Remember the Oakland A'S? Once upon a time, back in the late 1980s, they were baseball's dynasty: American League champions three years in a row; World Series champs in '89. Why, as recently as 1990 they had 103 victories and won the American League West by nine games. But then...well, all good things must come to an end. In '91 the era of the A's came to a crashing conclusion: fourth place, 11 games out. Remember?
It is early, very early, in this season of 1992, but did you notice who was sitting atop the American League West as of Sunday night, back on their customary throne? It may be too soon to proclaim that the Athletics are once again their mighty, mashing selves, but two weeks of baseball indicate that any preseason rumors of Oakland's demise—sixth place, said some of the doomsayers—were definitely premature.
The Bash Brothers, Jose Canseco and Mark McGwire, are again hitting rockets into the sky, ace Dave Stewart has a new delivery and his old swagger, leftfielder Rickey Henderson is playing with enthusiasm, and everyone in the clubhouse appears bent on winning the West again. In this thunderous division that will be no small chore. But the A's have gotten the early jump—they were 9-4 through last weekend—and they've done it despite losing seven players to the disabled list and having a wobbly bullpen, a reliever as the team leader in victories and names like Mike Bordick, Scott Hemond, Vince Horsman and Bruce Walton in the lineup.
But it isn't who's playing; it's how they're playing. "This team is focused." says A's pitcher Ron Darling. "Last year there was no focus at all. Pride has a lot to do with it. Also, we realize other teams in the division are as good as we are. We have to sustain, no matter what lineup we put out there. I'll put our talent up with anyone's, but unlike the past, other teams can put their talent up with ours."
One of those other teams is the Texas Rangers, who stood just a half game behind Oakland after winning two of three from the A's last weekend at Arlington Stadium. Another is the pesky and powerful Chicago White Sox, who also were a half game out. Yet another is the Minnesota Twins, who happen to be the defending world champions.
The Oakland-Texas series provided a preview of what seems sure to be a season-long war in the West: All three games were close, no lead was safe, and two of the games were decided by late-inning home runs. "This is how a lot of games will be played in this division," said Stewart last weekend. "No team is going to run away. We'll be there. We have a new attitude. Guys are interested in playing rather than whatever they were interested in last season."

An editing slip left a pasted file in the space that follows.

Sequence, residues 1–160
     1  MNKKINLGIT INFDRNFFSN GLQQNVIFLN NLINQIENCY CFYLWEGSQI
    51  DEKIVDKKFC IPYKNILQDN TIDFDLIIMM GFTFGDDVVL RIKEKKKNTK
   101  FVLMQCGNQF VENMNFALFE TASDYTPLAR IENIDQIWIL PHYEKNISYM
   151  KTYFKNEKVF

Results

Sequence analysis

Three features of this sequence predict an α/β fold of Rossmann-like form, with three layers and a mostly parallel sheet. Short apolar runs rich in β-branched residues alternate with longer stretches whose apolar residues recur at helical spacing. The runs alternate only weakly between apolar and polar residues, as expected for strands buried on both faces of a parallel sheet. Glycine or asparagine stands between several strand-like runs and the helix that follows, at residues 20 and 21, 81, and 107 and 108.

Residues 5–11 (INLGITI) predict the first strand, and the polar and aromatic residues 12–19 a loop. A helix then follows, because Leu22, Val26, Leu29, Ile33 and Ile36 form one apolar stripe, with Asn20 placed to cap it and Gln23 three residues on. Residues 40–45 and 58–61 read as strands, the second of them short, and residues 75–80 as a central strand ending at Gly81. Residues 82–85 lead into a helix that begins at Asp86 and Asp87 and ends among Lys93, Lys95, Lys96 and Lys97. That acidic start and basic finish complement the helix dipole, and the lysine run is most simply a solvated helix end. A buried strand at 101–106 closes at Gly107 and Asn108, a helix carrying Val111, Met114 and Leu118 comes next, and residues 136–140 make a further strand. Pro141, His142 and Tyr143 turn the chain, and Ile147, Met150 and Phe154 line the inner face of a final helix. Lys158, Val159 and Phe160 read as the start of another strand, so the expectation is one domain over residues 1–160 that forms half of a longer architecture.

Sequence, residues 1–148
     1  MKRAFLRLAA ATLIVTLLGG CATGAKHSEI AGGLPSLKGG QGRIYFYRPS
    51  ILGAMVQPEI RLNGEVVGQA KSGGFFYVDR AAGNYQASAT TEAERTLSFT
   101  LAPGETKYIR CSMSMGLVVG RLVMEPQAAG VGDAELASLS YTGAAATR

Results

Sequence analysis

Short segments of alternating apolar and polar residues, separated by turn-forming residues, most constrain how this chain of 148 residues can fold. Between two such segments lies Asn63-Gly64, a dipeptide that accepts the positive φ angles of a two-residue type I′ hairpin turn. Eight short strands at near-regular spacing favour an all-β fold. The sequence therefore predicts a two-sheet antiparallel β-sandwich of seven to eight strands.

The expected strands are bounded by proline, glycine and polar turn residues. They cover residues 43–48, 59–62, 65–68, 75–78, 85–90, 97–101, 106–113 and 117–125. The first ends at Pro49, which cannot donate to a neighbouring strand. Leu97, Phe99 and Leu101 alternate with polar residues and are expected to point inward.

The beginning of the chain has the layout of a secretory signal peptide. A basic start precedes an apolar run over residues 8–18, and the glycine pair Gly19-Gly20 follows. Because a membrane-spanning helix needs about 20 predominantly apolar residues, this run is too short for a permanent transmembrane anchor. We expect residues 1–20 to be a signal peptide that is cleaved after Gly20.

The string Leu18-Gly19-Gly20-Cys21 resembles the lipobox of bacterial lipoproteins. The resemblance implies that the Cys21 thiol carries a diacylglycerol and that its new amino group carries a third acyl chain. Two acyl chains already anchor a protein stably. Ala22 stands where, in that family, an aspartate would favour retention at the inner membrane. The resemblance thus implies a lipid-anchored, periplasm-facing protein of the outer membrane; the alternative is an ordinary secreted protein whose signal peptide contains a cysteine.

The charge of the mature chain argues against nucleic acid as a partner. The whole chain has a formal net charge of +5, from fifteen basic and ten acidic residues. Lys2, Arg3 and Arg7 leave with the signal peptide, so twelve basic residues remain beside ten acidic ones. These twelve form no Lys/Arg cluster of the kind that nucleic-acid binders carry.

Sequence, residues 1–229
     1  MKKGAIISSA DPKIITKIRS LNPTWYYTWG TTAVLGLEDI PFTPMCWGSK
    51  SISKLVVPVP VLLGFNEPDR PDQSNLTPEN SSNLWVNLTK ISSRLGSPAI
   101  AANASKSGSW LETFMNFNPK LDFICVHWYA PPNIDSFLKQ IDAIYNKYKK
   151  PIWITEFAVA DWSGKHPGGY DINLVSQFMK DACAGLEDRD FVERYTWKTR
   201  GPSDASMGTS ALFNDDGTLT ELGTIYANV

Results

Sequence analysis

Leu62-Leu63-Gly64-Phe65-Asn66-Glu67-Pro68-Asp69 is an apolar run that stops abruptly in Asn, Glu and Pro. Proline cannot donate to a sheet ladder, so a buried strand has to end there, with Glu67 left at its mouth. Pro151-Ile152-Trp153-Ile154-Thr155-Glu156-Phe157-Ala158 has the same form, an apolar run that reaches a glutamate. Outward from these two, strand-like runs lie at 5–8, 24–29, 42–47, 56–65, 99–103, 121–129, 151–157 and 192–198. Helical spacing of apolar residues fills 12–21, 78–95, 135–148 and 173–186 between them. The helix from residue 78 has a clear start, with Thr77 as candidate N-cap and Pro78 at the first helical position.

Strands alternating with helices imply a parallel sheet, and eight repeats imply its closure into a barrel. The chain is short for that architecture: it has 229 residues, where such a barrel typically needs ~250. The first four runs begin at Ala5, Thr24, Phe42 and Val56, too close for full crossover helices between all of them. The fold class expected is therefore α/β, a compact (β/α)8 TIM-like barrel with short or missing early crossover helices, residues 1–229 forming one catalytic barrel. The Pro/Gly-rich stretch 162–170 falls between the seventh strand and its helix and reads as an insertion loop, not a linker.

The only thing third baseman Carney Lansford was interested in last year was rehabilitating his left knee, which he tore up in a snowmobile accident in January 1991. Henderson was mostly interested in a contract extension; he had intimated during spring training that he might not play hard if he didn't get one. He didn't, and he didn't. Manager Tony La Russa was primarily interested in finding whole bodies to put in his crippled lineup: Last season he used nine third basemen, eight second basemen and seven shortstops. Finally, the once vaunted Oakland pitching staff was interested in just getting out of the season alive. A's pitchers allowed more homers (155) than any other stall' in the majors.
In the off-season the Oakland front office did little to improve the team and, because of financial concerns, didn't sign anyone to a long-term contract. With 14 players eligible for free agency after this season, the Athletics, said skeptics, were a slow start away from being dismantled. Instead, their quick getaway has reaffirmed their commitment to winning. "We're concentrating on the competition," says La Russa. "In spring training it was as if someone said, 'O.K., cut the ——.' We're doing that."
The biggest attitude adjustment has come from McGwire, who went from being the first player in major league history to hit more than 30 homers in each of his first four seasons (1987 through '90) to being a .201 hitter with 22 homers last year. As The 1992 Elias Baseball Analyst puts it, his career took "an unexpected southbound turn onto the Dave Kingman Memorial Off-Ramp." Last year the game was difficult for him for the first time. He lost interest in playing, and he didn't respond to batting instruction.
McGwire's reawakening began during a trip to Las Vegas in October, the first October since 1987 that he hadn't been involved in postseason play. "I wasn't planning on watching the playoffs or the World Series, but I did," he says. "It hit me what I'd had. Sometimes you don't realize what you had until you see someone else in your place. Watching the playoffs and the Series got me pumped up."